Tooth Exposures

When a tooth gets stuck and can't break through the gum to work as a regular biting tooth, it is known as an impacted tooth. Wisdom teeth and canine teeth are the most common to get stuck and usually need to be either helped into their proper place or removed by a simple surgical procedure known as a tooth exposure.

Wisdom teeth are the rebel of the dental world and for the most part their only real purpose these days seems to be causing havoc inside the mouth. Once these powerful teeth were needed for chewing up raw meat, roots, and other tough foods, we now eat quite a soft diet and have a lot of extra help with dental care. Therefore, wisdom teeth aren't needed, and our jaws have become much smaller and narrower as a result.

When a wisdom tooth becomes stuck, the temptation might be to do nothing at all. But the reality is, doing nothing can lead to a variety of dental problems such as painful infections, cause nearby teeth to grow out of line, lead to changes in the jaw or cysts.

Canines are the most important teeth in the mouth as they are the strongest, so if these do get stuck, it is vitally important that they are helped along the way to their usual place by carrying out a tooth exposure.

Reasons why canine teeth are so important:

  • They Close Gaps – Canines are the last of the front teeth to erupt and close the gaps between the other upper teeth.

  • They are the First Teeth to Touch – Canines are biting teeth. They touch first when the jaw closes, and help to guide the other teeth into position.

  • Alignment & Function – Canine teeth help to correct alignment and function of the other teeth on the dental arch. Missing or impacted canines can significantly affect the function and aesthetic appearance of the smile.

When a tooth becomes impacted, there usually are two options available. In the first option, our oral surgeon will make a small incision to lift the gum from around the tooth which will allow the tooth to erupt on its own.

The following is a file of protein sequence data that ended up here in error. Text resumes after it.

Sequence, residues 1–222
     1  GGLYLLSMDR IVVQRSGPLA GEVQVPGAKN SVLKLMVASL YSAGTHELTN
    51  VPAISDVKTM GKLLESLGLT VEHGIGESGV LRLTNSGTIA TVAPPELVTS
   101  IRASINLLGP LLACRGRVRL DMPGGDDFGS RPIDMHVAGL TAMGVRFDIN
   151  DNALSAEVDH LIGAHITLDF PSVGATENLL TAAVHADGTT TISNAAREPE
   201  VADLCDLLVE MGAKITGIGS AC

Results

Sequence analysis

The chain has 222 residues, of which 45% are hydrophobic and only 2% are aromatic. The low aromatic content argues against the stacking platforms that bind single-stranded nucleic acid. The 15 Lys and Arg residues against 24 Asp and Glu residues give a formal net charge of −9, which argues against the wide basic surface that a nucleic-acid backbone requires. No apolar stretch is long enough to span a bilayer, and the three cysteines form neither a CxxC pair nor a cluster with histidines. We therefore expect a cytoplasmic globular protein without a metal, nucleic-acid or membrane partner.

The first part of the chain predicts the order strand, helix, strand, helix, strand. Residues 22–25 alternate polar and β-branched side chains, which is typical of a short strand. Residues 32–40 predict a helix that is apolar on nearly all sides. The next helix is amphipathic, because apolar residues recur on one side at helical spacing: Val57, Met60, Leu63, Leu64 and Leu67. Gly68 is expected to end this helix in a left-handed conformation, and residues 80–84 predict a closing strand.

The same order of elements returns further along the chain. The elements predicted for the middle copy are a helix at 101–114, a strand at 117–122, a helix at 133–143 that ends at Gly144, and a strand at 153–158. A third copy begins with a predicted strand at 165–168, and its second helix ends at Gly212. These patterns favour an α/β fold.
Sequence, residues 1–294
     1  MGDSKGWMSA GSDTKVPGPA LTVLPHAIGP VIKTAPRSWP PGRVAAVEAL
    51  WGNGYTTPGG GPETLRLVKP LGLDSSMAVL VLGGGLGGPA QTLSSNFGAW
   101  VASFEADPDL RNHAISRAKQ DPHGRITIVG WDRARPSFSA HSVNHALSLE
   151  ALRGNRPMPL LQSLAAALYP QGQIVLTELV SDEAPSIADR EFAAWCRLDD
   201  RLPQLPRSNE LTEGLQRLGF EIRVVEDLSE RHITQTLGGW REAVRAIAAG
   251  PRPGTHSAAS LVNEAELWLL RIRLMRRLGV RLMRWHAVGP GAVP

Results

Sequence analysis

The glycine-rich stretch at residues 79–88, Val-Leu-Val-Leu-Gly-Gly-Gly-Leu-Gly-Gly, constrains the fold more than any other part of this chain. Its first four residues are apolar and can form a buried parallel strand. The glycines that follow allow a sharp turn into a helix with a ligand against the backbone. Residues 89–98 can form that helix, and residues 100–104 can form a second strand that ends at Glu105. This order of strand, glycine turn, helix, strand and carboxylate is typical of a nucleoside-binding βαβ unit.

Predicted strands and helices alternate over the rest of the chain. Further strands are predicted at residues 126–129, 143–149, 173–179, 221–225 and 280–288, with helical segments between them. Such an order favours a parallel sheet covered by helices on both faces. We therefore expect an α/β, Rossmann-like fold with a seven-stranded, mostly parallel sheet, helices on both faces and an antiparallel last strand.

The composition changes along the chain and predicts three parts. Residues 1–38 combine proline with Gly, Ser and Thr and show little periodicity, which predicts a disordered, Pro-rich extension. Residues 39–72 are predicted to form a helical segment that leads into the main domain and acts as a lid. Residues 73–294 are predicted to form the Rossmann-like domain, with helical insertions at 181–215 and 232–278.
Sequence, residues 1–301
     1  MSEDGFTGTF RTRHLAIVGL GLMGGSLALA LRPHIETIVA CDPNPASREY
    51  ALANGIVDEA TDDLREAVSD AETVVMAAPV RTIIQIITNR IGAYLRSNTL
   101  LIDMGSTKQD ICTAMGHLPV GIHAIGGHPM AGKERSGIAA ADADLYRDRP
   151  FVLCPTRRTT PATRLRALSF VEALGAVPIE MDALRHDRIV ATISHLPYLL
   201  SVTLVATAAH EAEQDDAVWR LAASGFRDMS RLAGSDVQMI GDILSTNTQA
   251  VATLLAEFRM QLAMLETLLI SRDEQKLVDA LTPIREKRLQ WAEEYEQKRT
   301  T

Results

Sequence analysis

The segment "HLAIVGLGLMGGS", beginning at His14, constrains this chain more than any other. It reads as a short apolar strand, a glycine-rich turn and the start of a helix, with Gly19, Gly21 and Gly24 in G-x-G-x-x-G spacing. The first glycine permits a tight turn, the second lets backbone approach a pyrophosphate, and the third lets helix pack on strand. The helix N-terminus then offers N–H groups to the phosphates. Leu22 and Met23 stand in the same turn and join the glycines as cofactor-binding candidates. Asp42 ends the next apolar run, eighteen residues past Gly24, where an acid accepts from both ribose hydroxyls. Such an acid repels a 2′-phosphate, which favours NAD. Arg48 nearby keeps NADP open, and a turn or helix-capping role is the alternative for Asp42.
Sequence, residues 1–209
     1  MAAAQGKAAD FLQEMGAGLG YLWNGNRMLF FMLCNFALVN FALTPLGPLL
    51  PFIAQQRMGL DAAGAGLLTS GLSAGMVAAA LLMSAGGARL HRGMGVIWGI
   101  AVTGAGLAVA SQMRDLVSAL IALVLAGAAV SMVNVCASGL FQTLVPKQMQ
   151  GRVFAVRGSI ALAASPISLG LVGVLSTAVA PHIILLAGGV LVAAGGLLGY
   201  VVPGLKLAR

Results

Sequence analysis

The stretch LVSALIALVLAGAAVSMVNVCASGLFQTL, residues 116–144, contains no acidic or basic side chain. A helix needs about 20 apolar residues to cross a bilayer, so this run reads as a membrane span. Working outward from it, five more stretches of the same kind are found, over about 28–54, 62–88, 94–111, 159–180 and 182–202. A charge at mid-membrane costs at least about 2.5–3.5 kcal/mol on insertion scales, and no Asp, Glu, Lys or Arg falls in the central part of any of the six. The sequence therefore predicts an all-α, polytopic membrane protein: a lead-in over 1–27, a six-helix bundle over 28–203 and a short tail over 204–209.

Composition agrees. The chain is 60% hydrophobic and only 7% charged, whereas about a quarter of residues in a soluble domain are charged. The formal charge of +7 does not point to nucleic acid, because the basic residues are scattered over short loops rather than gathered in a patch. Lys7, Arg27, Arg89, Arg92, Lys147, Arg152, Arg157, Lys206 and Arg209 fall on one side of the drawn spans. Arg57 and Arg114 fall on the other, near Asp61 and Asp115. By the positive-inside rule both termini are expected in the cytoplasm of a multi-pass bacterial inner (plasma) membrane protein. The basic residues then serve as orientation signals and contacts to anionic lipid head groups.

In the second option, your dentists will uncover the tooth with a small incision and then attach a bracket or chain to it which will help guide the tooth down using orthodontics.

What To Expect After a Tooth Exposure?

  • Do Not Disturb the Wound - A surgical dressing may be placed following an exposure. This dressing helps to keep the tooth exposed. If it falls out, do not get alarmed but please contact the practice for instructions.

  • Bleeding - Some blood in the saliva is normal for 24 hours. If this becomes excessive, try to control the bleeding by biting on a gauze pad placed on the area for 30 minutes. If bleeding continues, please call for the practice for further instructions.

  • Swelling - Slight swelling is normal after a tooth exposure. To relieve this apply an ice pack near the area for the first 24 hours.

  • Diet - Be sure to drink plenty of fluids and avoid overly hot liquids or hard foods.

  • Pain - As soon as the local anesthetic starts to wear off you should begin taking over the counter pain medication.

  • Oral Hygiene - Cleanliness is essential to proper healing. Brush your teeth as usual beginning the day after surgery. Rinse with warm salt water frequently until healing is complete.

  • Activity - Throbbing and bleeding can occur if you exercise. Keep exercise and physical activities to a minimum for a few days following surgery.